Estimated Read Time: 7 ½ minutes
Summary: In this blog, we learn all about intestinal worms in dogs, what causes worms in dogs, the signs to look for and how to help treat your dog with worms…
Worms in dogs are a very unpleasant thing for both pet owners and their pups! No one likes the idea of creepy crawlies inside their beloved pooch. But, as a responsible pet parent, understanding intestinal worms in dogs and how to prevent and manage them is all part and parcel of good dog ownership, as serious issues can occur if a case of worms is left untreated…
Intestinal worms are microscopic, so you can’t tell a dog has worms just by looking at their butt or poop (unless it’s a Tapeworm). If a dog has worms, their symptoms can present as:
There are several causes of worms in dogs which is why regular, preventative treatment is key.
Hookworms are very small, teeth-bearing, bloodsucking parasites which can cause anaemia in dogs and can be fatal if left untreated in young puppers. Hookworms can move about the body, stripping it of nutrients, before entering the lungs to mature and then making their way back to the intestine.
A Tapeworm sets up shop in the lower intestine, grabbing onto the wall where it can efficiently suck nutrients as food is digested by the body. They are flat in appearance and can grow more than half a foot in length. Tapeworms usually go unnoticed, but tiny bits of it can be excreted in a dog’s poop and look like grains of rice. If you spot this, or your pup is doing a lot of scooting, it’s probably wise to visit the vet.
Arguably the most common intestinal worm in dogs, Roundworms usually affect puppies before birth, which have been transmitted from their mother. If left untreated, a puppy’s growth and development can be affected and in serious cases, can cause death because they can burrow into tissue and organs. Roundworms are fairly long in length, resembling spaghetti and are white.
Heartworms are not considered a problem here in the UK, so would only affect a dog who travels abroad.
These are the most dangerous of intestinal worms (but also the most preventable!) and can be transmitted by mosquitoes. Because these pests are so difficult to avoid, regular preventative treatment is essential. Heartworms grow, thrive and multiply in the heart which can cause the organ to fail as well as cause damage in neighbouring organs. If Heartworms are contracted by a dog, they can also present additional symptoms like difficulty exercising, a weak pulse, pale gums and laboured breathing.
Treating Heartworm is very expensive and takes a long time to recover from, involving confinement of your pooch and restricted exercise regimes, so if you’re not taking preventative measures already and your dog travels abroad with you on occasion - start now.
Whipworms make a home for themselves in the large intestine and don’t drain a dog’s body of as many nutrients as the above worms. They usually go unnoticed, unless the infection is fairly severe - this will then typically show up as blood in your dog’s stool. Whipworms don’t pose as significant of a threat as say, Roundworms, but are still unwanted and unpleasant for your pooch to have.
If your dog is exhibiting symptoms of worms, contact your vet who will most likely ask you to collect and bring a stool sample in with your dog so they can check it. A blood test could also be required in some cases. If worms are detected, your vet will prescribe the appropriate de-worming treatment for your dog.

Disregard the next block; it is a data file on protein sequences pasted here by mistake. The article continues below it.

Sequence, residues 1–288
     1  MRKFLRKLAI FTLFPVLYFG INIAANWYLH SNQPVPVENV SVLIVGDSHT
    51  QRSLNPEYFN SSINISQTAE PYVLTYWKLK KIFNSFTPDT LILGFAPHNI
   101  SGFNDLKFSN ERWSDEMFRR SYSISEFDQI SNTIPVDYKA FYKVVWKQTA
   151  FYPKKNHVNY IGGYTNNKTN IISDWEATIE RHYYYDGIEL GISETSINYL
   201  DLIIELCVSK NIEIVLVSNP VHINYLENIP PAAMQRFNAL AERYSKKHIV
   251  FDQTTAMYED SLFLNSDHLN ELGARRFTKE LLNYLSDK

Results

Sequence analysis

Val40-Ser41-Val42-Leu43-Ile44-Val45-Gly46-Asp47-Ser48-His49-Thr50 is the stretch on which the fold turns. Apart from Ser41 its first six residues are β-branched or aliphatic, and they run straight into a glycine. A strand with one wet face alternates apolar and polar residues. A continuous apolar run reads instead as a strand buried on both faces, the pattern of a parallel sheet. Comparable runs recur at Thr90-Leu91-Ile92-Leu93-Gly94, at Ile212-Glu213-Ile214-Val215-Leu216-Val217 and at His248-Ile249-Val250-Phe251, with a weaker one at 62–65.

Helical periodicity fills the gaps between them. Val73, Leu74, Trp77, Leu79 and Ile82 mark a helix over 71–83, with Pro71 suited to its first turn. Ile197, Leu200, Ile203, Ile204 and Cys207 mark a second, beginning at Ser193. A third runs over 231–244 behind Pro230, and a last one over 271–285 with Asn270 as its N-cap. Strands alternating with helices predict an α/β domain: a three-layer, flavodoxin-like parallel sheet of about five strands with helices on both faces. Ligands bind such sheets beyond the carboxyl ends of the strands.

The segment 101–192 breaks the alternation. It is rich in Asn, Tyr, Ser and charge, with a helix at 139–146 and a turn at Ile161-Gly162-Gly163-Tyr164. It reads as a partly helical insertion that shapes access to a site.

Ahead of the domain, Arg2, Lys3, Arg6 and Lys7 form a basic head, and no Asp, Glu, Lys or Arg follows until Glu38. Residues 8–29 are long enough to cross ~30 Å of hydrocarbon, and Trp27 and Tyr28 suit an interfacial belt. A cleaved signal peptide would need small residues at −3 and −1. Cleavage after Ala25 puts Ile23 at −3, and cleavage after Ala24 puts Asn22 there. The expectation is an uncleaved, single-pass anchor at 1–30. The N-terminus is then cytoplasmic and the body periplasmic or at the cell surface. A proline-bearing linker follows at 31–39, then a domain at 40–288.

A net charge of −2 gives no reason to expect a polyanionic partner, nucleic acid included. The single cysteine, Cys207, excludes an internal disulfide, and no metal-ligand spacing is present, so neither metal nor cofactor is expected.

Petlab Co. Pro Tip: Although not usually requested, it can be handy to bring a stool sample along with you to your dog’s annual check-up so your vet can assess the health of their poop as part of their general examination! Lots of things can be revealed in your dog's poop… Read our blog on how checking your dog’s poop could save their life here!
If your dog is pregnant, make sure to ask your vet about how to worm her during pregnancy as they can pass worms onto their unborn pups. They’ll advise which product is safest to use, and explain when the pups will need to be wormed after birth. Some vets may advise a daily worming treatment (Fenbendazole) from day 40 of pregnancy to 2 days post-birth to help prevent worms being passed from bitch to pups. Read more on how to care for a pregnant dog here.
It is an essential part of owning a dog that you administer regular, de-worming treatment to them. This protects them, your home, your family and your community from the different types of intestinal worms in dogs. Consult with your vet over which is the best course for your pooch, as there is a variety of prevention methods available from injection and tablet forms to spot-on treatments.
Effective, regular flea prevention is also vital for your dog’s health and can also help guard your dog against Tapeworms, as fleas are how Tapeworms are contracted.
It’s unusual, but in short, yes. Humans, including children, can contract Roundworms, Hookworms and Whipworms from dogs and although extremely rare, there have also been cases of Tapeworm transmission. They will usually go unnoticed in a human and the parasite will die by itself after a few months, but in some cases, symptoms of headaches, a high temperature, stomach ache and/or a cough have been reported.
Using worming prevention treatments on your dog and having good hygiene in your home (regular hand washing before and after petting your dog, before and after eating and communal towel washing) can reduce the risk of infection occurring dramatically.
If you also have a cat, they can contract these types of worms from your dog too and vice versa, so appropriate preventative methods should be taken on both animals in your home.